The Commission first addresses the question of whether it should consider the Complainant's untimely filed reply brief when considering the merits of her petition. The Complainant's reply brief was due on or before December 2, 2006. It was not filed with the Commission until January 8, 2007. The Complainant submitted nothing explaining why the reply brief was over one month late. In fact, there was no recognition on the part of the Complainant that her submission was late. Given the Respondent's objection and the Complainant's complete failure to explain her failure to timely file the reply brief, the Commission determines that it will not consider her January 8, 2007 submission in connection with her petition to reopen her complaint. The Commission reaches this decision unanimously.

The Commission next addresses the Complainant's request to permit her appeal of the Initial Determination's finding of no probable cause to continue. The Complainant states that she was confused by the instructions concerning appeal of the Initial Determination and the accompanying document setting forth her right to a review by the EEOC. Both documents require that a written submission be made within 15 days of receiving the Initial Determination. The Respondent asserts that the language of the Initial Determination is clear and unambiguous regarding the obligation to submit a written appeal to the Commission offices, not to the EEOC.

The Commission reviewed in detail the language of the Initial Determination relating to appeal of a finding of no probable cause. The language by itself seems clear. However, when combined with the language of the EEOCís "right to review" letter, the Commission understands how there could be some confusion, particularly in the mind of a less sophisticated and unrepresented complainant.

The record in this matter indicates that the Complainant submitted what would otherwise have been a timely appeal of the Initial Determination had it been sent to the Commission rather than to the EEOC. The EEOC does not act as an agent for the Commission in these matters. It is an interesting sidelight to this matter, that if the EEOC had forwarded the Complainant's appeal when it received it, the Commission would have likely received the appeal in a timely manner. The EEOC's failure to act professionally by "sitting" on the Complainant's appeal is unexplained in this record.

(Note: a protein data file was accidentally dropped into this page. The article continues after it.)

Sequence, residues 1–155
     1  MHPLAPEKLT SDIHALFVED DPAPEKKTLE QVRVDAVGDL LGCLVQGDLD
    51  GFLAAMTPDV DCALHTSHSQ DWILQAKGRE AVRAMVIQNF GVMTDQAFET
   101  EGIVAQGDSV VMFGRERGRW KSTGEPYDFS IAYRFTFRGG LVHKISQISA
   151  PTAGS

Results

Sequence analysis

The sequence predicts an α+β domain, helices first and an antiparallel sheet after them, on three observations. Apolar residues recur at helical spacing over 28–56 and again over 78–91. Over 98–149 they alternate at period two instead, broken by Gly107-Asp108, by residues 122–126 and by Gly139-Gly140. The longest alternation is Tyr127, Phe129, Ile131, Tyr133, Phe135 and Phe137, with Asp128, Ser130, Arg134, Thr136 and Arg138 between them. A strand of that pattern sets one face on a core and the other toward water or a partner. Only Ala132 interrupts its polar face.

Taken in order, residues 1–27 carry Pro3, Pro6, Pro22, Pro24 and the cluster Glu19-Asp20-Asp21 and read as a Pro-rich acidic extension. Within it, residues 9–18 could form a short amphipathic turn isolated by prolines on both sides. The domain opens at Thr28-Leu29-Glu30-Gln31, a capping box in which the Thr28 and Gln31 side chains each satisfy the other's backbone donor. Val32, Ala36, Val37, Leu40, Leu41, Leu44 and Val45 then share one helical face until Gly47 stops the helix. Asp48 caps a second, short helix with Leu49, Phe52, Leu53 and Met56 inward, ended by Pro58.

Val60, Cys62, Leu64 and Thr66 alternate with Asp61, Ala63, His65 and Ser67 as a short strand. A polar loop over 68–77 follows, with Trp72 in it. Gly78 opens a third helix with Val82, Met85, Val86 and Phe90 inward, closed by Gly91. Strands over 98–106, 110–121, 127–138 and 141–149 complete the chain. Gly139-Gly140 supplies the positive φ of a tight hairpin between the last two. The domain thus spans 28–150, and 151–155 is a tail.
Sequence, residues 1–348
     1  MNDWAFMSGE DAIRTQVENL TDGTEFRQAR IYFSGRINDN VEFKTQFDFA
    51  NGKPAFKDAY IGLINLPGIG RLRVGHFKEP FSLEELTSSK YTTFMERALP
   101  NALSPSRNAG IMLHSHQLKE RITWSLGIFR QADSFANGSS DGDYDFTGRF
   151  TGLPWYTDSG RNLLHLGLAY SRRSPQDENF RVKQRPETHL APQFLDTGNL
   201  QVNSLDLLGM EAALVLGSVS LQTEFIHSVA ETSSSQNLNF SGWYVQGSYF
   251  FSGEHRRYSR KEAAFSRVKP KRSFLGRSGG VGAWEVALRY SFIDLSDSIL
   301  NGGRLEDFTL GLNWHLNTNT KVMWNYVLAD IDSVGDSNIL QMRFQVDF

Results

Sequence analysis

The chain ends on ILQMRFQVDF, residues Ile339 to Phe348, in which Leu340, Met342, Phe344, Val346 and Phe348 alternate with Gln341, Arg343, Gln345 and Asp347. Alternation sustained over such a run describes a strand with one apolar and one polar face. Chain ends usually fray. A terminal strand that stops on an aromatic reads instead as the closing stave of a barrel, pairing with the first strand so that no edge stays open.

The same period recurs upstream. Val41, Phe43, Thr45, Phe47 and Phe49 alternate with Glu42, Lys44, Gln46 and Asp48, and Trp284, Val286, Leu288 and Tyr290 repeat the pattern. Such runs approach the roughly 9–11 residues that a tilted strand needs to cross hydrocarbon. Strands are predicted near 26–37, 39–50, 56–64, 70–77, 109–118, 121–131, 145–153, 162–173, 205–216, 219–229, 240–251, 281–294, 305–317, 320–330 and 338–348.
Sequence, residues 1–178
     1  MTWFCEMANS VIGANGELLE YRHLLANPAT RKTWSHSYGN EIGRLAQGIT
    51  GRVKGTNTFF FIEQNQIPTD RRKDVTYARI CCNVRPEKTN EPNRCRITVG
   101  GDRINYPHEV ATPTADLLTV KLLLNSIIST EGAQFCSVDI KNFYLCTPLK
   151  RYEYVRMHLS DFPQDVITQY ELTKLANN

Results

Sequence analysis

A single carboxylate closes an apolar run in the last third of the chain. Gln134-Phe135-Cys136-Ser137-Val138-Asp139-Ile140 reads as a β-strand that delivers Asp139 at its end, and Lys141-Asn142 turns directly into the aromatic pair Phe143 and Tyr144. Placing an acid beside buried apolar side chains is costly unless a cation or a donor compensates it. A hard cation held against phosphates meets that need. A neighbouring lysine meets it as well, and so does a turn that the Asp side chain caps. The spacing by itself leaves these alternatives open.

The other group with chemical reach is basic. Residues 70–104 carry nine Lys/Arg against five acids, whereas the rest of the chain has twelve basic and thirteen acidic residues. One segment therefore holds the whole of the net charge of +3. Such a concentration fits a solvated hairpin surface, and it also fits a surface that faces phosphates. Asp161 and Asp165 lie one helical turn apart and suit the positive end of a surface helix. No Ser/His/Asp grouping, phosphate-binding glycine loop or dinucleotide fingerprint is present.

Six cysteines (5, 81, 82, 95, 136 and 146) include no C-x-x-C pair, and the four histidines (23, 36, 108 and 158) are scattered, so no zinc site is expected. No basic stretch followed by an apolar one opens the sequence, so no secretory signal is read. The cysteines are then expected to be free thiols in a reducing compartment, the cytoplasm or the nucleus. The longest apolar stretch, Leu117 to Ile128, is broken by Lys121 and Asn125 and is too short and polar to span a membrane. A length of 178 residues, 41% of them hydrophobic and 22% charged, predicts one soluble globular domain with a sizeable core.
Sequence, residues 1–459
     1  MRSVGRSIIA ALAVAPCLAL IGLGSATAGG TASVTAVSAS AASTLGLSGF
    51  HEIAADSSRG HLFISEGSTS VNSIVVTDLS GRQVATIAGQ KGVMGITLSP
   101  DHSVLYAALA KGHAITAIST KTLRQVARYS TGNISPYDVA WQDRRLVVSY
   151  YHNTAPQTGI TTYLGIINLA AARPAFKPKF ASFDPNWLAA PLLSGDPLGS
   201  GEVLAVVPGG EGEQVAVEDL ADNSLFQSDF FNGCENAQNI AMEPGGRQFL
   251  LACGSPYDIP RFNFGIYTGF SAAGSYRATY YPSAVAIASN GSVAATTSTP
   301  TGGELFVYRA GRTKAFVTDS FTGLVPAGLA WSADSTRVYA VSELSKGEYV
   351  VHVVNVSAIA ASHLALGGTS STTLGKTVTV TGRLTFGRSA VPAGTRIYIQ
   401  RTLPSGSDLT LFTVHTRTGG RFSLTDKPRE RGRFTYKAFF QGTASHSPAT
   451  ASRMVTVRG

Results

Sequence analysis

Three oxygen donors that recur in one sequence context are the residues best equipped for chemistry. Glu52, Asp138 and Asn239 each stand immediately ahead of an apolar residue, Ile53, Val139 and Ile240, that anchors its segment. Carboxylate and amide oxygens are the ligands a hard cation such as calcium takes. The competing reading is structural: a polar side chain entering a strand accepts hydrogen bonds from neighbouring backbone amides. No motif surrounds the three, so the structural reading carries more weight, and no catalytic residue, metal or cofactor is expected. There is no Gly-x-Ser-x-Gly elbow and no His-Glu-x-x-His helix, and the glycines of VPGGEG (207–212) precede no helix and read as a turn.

Taking the record as a whole, the Commission finds that the Complainant's failure to timely file a written appeal with the Commission must be excused. The Commission finds that the Complainant's filing with the EEOC, while insufficient in itself, demonstrates a good faith effort to comply with the requirements for appeal. A good faith effort that was to some degree compromised by the actions or lack of action on the part of the EEOC.

The Commission accepts that the appeal language in the Initial Determination coupled with the EEOC's right to review letter could cause confusion for an unrepresented Complainant. The Commission will make reasonable efforts to attempt to lessen possible confusion over this procedure and to avoid future problems. The Commission recognizes that the Respondent may have had to expend some additional effort in this matter. The Commission regrets this; however, it believes that it is necessary to assure the integrity of the complaint process.

ORDER

The Commission hereby orders that the complaint be re-opened and transferred to the Hearing Examiner as an appeal of a finding of no probable cause and for further proceedings.

Joining in the Commission's decision are Commissioners Bayrd, Enemuoh-Trammell, Holmes-Hope, Howe, McDonell, Morrison, Selkowe, Solomon, Walsh, Woods and Zipperer. No Commissioners opposed the Commission's decision.

Signed and dated this 5th day of March, 2007.

EQUAL OPPORTUNITIES COMMISSION

Bert G. Zipperer
President

cc: Bill Stevenson